A resistive element film was prepared in the same manner as in Example III-1 except that a ruthenium oxide paste (GZX-0.5K produced by TANAKA KIKINZOKU INTERNATIONAL K.K.) as thick resistive element film-forming paste was used. The resistive element film thus-obtained had a thickness of about 10 μm and exhibited a surface resistivity of 510 Ω/□±20%. Thus, the resistive element film exhibited a resistive value dispersion of about ten times that of the specimen in the above examples of the present invention.

When this resistive element film was measured for grain diameter in the same manner as in Example III-1, it was found that it was made of resistive element grains with a diameter of 0.1 to 1 μm. This resistive element was then used to prepare a thermal head. However, this thermal head couldn't give a sufficient print quality.

In the above examples, the process for the coating of the resistive element paste has been described with reference to screen printing, but the present invention is not limited thereto. The resistive element paste may be coated entirely on a substrate by a coating method commonly used in the thick film-forming process, such as spin coating process, roll coating process and dip coating process, calcined, and then etched to form a resistive element having a desired shape. Alternatively, a direct drawing method such as ink jet process may be used.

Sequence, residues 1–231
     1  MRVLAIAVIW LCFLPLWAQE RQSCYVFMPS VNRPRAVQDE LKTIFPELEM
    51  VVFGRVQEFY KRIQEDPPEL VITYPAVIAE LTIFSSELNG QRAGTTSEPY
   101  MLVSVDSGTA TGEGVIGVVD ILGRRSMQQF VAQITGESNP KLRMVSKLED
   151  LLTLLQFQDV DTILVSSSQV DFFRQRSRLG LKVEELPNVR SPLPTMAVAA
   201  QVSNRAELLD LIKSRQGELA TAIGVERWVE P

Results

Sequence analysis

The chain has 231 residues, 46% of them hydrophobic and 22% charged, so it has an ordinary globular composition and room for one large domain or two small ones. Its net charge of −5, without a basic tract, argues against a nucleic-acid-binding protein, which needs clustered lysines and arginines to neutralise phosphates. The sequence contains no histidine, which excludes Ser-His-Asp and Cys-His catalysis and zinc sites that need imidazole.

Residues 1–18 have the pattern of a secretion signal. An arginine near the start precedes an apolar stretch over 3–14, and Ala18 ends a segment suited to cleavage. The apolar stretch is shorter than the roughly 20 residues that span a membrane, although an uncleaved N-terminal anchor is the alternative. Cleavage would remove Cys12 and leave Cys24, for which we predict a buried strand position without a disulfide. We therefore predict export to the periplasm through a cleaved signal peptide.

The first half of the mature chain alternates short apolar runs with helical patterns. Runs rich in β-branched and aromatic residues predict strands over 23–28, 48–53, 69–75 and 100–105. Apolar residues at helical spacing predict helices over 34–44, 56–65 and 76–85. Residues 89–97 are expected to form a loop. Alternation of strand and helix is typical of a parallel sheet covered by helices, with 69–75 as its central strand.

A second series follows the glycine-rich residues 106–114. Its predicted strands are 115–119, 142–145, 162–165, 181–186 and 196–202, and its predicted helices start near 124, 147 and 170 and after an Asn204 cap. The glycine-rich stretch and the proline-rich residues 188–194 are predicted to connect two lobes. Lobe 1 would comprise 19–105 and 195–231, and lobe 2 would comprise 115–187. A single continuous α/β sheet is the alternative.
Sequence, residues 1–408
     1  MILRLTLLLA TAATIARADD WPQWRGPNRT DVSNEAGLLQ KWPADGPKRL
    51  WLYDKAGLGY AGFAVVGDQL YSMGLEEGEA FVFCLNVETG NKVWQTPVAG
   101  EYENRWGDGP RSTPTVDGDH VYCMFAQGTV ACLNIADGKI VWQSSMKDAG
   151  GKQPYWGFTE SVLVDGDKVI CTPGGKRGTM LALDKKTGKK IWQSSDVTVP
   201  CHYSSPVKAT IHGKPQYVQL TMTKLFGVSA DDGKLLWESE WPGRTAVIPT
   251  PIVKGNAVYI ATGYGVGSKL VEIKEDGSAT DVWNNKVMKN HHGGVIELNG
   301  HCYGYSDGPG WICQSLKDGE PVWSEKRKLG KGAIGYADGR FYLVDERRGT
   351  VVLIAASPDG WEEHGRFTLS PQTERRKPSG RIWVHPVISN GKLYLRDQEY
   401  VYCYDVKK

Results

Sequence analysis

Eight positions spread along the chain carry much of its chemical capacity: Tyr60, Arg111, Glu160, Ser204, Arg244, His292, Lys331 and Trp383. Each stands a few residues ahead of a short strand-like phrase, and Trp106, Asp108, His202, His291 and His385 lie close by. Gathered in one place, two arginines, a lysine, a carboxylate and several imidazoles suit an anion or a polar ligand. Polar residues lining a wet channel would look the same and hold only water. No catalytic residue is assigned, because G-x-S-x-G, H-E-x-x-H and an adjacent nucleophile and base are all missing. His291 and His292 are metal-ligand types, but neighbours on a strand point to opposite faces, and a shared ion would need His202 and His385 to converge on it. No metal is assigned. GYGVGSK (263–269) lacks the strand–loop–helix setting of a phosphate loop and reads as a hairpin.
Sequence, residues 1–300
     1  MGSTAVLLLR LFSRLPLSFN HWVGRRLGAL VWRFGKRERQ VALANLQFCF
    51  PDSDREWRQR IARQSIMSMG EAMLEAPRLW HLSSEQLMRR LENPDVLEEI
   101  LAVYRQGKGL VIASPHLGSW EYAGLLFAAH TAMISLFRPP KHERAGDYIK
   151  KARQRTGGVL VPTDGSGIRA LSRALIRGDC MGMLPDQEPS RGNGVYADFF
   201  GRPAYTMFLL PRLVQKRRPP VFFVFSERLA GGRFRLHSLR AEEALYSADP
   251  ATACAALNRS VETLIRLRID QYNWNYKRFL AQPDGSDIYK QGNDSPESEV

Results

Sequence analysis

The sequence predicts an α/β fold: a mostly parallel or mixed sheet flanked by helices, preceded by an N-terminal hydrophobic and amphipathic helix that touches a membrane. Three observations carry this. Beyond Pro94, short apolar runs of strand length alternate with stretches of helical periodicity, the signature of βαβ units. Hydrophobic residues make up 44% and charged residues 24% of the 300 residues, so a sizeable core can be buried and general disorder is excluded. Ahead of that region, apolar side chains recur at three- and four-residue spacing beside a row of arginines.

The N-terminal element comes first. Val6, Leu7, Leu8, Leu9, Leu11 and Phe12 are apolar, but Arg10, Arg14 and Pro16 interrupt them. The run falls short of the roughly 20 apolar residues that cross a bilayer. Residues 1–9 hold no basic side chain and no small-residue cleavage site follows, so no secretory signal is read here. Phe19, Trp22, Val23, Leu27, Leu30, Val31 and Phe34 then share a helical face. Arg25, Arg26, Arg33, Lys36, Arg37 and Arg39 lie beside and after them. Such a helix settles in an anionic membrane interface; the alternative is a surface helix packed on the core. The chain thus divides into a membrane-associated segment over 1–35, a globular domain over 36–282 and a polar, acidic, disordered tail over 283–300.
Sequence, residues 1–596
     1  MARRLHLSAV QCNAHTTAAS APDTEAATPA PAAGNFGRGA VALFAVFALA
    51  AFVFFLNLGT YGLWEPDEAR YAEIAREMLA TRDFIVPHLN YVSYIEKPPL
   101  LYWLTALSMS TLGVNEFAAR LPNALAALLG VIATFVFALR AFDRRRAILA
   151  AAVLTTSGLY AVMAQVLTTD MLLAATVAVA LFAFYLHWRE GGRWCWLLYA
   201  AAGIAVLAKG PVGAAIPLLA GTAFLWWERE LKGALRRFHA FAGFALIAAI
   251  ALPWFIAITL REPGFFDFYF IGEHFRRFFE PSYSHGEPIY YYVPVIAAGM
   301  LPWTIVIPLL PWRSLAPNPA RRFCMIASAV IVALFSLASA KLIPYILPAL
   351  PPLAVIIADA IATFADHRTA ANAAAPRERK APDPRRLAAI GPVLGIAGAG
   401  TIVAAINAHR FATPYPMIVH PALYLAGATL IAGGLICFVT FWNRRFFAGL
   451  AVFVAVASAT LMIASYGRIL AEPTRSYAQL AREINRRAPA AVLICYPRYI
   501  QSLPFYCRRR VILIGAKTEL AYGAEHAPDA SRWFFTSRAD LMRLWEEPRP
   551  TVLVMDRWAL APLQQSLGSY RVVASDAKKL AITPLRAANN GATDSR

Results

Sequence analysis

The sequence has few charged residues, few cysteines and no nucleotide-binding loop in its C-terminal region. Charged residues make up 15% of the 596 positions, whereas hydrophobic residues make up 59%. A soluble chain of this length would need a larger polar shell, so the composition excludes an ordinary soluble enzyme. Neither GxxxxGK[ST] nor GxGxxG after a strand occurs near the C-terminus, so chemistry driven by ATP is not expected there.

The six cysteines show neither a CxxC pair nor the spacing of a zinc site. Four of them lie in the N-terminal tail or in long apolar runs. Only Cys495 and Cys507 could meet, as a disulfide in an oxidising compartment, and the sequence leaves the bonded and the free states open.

The resistive element prepared according to the present invention exhibits a remarkably improved uniformity in the resistive element film and hence a drastically reduced dispersion in the resistive value as compared with the conventional resistive elements. Thus, the resistive element of the present invention can be used as a heating resistive element for thermal head requiring a high resolution or multiple gradation.